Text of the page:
Hospital District Has New 911 Emergency Protocol
By: Catherine Self, Courier staff
March 16, 2001
ŠThe Courier 2001
In the age of cellular phones, dialing for help is as easy as 1-2-3, or 9-1-1.
When making that call, however, how can people be assured that emergency questions will be answered?
In Montgomery County, new protocol followed by trained professionals is providing citizens with lifesaving information -- at their fingertips.
The Montgomery County Hospital District Communications Center is one of only seven emergency centers in North America that is using protocol designed to help people in emergency situations. They are Cypress-Fairbanks, Nashville, Tenn., Utah County, Utah, Brookville, Pa., Alberta, Canada, and Talequah, Okla.
Frank Marshall, MCHD communications manager, said the protocol, which is different from the medical protocol developed in the mid-1980s, gives critical information to help victims save themselves. That protocol is governed by the National Academy of Emergency Fire Dispatch.
"The academy has recognized the need for a similar protocol system for fire and police," Marshall said. "They put together a group of fire department professionals to develop a fire protocol system."
With the new protocol, Marshall said, if dispatchers get a call involving a small grease fire on the stove, dispatchers can give information to help extinguish the fire and prevent it from spreading into a more serious situation.
"If the fire has not spread into the cabinets and exhaust vent, the dispatcher can provide some simple pre-arrival instructions to hopefully extinguish that fire," he said.
If the fire is larger or the caller is panicked, Marshall said, dispatchers will instead tell the call to leave the home and wait for help.
Allen Johnson, EMS director, said that prior to the recent protocol, there was no information provided to emergency call takers explaining how to help people in non-medical situations, such as a small fire or someone who is stuck in a flash flood.
"We took kind of a lead role in getting this," Johnson said.
Marshall said two dispatchers from Montgomery County were part of the committee that helped design the protocol.
Marshall said MCHD is aggressive in getting up-to-date information and equipment for the safety of the county. He said the protocol is available to all call centers and will become more widespread in the future.
The protocol was released in September 2000 and MCHD received its copy in late November.
Each flip card set costs about $395. The software version of the protocol, not yet available, for all dispatch terminals will run about $26,000 with an additional $5,000 to train personnel.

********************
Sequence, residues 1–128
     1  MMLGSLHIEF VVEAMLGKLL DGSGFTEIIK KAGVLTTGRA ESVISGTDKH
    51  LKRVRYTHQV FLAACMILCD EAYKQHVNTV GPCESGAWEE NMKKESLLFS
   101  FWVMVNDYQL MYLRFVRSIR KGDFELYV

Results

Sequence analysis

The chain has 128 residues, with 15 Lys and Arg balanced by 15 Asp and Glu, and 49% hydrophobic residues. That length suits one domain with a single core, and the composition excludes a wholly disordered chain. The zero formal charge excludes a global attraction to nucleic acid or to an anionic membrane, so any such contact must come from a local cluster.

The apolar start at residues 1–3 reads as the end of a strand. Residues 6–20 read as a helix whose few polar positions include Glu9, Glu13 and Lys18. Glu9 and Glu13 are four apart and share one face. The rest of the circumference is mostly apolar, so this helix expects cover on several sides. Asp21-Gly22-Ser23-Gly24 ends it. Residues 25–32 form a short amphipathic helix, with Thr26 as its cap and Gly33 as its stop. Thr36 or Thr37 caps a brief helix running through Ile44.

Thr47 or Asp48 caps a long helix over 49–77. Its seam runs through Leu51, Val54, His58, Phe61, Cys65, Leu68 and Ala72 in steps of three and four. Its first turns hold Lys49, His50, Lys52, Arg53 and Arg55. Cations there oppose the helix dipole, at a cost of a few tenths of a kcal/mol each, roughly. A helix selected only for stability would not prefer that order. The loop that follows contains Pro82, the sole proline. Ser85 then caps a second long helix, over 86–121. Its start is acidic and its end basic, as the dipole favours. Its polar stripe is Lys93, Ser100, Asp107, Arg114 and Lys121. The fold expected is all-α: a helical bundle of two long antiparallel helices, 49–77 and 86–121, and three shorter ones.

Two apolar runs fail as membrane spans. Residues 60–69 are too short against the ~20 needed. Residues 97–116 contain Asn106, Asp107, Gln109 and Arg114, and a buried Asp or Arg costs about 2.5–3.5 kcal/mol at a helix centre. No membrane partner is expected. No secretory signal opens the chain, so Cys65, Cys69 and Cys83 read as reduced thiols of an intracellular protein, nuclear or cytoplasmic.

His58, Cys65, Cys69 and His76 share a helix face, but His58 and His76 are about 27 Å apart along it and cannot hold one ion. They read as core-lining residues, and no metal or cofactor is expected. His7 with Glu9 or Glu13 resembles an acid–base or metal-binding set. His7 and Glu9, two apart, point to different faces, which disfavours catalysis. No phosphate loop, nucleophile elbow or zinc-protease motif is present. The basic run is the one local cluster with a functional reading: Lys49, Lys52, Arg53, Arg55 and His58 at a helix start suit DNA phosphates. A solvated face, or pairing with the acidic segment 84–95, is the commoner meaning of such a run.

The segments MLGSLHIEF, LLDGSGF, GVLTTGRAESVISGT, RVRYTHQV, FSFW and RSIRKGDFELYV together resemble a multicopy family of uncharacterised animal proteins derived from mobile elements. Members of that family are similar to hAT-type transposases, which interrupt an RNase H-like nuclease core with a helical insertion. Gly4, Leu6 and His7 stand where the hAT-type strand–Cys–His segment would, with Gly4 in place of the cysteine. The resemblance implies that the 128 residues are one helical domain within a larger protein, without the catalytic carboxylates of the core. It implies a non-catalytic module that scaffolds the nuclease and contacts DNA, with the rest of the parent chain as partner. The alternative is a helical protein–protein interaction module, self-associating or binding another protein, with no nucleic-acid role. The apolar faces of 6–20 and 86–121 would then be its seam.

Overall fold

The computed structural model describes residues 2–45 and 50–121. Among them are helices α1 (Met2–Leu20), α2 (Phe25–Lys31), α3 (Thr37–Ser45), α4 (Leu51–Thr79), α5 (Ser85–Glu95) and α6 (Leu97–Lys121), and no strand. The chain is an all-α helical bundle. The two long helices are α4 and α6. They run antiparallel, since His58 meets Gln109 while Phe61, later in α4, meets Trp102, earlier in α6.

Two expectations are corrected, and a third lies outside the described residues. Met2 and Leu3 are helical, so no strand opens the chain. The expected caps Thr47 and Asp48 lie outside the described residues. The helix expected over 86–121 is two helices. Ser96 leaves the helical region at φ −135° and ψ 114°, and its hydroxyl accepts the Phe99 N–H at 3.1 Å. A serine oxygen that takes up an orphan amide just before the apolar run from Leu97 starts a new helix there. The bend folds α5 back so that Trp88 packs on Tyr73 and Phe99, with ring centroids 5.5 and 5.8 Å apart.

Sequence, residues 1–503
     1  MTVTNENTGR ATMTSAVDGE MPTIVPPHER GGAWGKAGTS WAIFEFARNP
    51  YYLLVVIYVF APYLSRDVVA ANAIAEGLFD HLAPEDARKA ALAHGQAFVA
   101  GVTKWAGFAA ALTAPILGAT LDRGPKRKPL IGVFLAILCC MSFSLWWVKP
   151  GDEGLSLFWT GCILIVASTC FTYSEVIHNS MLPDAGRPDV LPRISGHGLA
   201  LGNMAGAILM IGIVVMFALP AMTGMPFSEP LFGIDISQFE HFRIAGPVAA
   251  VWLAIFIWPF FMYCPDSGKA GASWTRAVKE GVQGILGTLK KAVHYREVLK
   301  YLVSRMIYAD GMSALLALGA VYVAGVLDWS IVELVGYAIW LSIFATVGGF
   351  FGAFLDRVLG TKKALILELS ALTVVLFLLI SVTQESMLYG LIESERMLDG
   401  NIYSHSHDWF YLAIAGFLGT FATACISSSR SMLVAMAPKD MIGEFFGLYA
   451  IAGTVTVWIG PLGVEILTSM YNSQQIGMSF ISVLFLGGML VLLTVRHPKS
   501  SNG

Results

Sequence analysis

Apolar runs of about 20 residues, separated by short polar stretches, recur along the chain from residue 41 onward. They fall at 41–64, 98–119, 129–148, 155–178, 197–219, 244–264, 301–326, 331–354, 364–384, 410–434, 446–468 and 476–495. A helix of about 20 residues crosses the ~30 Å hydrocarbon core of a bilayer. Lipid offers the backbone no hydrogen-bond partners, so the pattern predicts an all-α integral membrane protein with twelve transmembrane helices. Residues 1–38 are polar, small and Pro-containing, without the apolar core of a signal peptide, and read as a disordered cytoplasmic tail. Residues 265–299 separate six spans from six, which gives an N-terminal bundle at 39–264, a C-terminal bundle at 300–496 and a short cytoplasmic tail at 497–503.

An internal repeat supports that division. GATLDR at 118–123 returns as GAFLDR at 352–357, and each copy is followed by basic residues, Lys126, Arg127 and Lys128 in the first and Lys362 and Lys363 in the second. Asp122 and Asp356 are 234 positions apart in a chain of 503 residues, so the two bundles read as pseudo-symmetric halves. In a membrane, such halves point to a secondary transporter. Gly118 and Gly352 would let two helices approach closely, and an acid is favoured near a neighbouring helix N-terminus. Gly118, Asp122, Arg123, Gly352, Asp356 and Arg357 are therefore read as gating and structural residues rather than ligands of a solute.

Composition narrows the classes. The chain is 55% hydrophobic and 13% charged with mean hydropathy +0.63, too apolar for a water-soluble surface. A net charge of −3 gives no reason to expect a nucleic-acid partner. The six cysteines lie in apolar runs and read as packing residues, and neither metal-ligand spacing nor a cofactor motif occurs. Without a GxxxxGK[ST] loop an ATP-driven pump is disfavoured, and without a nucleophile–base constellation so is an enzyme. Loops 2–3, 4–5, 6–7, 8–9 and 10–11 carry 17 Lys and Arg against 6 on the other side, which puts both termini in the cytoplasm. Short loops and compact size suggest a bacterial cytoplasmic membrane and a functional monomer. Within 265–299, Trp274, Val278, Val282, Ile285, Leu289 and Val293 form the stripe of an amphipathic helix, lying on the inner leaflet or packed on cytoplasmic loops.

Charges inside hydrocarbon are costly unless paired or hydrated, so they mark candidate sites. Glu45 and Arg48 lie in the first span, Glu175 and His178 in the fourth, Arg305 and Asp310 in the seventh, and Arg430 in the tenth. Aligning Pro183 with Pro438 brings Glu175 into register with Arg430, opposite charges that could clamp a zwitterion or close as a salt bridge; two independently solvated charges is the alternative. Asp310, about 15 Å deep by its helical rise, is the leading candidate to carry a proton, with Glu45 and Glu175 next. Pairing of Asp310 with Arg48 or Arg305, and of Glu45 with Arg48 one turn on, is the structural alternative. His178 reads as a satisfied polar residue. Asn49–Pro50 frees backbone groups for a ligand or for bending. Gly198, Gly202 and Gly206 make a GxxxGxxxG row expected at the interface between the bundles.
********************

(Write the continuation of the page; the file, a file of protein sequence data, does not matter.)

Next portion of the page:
According to information from the National Academy, the protocol will help the call taker determine the type of emergency and life-threatening situation. By doing that, the dispatcher can get vital information to responding units so they are prepared for a specific situation.
Although the medical protocol is available in a computer software version, Marshall said the fire protocol is only available in a flip card system.
Marshall said the academy is focused on keeping the protocol up-to-date and after a tragic drowning in Florida, the academy is working on updating information concerning water emergencies.
"The academy is very dedicated to see changes implemented," Marshall said. "They took the very unfortunate situation in Florida and have written protocol and instructions for a sinking vehicle."
On Feb. 16, 32-year-old Karla Gutierrez was traveling down the Florida Turnpike when she veered off the road and into a canal.
"She panicked and didn't know how to get out of the car," Marshall said. "But like so many people on the roadway, she had a cell phone and dialed 911."
Marshall said all dispatchers are trained to find out where the emergency is and what type of emergency it is, but unfortunately no dispatchers have the protocol or training to help in similar situations.
Gutierrez was unable to tell the call taker, who was only asking for her location, where to send help.
"Not being able to tell her where she was, the girl kept asking 'what do I do,'" Marshall said. "That call taker focused in on where she was. The call ended when the car filled up with water and the girl drowned. Help arrived, but help was too late."
Marshall said the MCHD dispatch center has three call takers trained to use the protocol.
By the end of the year when the protocol is released in a computer software form, all MCHD dispatchers will know how to use the program.
Marshall said the center is working with area fire departments to help get the computer system up and running.
"The software version is supposed to be released in November," Marshall said. "We are very anxious to get that implemented."